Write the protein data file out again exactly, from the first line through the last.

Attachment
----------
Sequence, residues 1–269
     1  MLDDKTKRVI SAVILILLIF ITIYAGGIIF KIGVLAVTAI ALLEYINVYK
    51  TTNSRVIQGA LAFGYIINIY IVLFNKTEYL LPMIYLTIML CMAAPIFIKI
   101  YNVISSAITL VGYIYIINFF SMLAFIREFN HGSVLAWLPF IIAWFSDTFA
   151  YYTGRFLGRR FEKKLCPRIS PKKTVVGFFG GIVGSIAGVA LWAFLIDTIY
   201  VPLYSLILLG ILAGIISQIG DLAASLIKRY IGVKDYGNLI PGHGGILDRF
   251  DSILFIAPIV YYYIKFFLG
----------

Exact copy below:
Sequence, residues 1–269
     1  MLDDKTKRVI SAVILILLIF ITIYAGGIIF KIGVLAVTAI ALLEYINVYK
    51  TTNSRVIQGA LAFGYIINIY IVLFNKTEYL LPMIYLTIML CMAAPIFIKI
   101  YNVISSAITL VGYIYIINFF SMLAFIREFN HGSVLAWLPF IIAWFSDTFA
   151  YYTGRFLGRR FEKKLCPRIS PKKTVVGFFG GIVGSIAGVA LWAFLIDTIY
   201  VPLYSLILLG ILAGIISQIG DLAASLIKRY IGVKDYGNLI PGHGGILDRF
   251  DSILFIAPIV YYYIKFFLG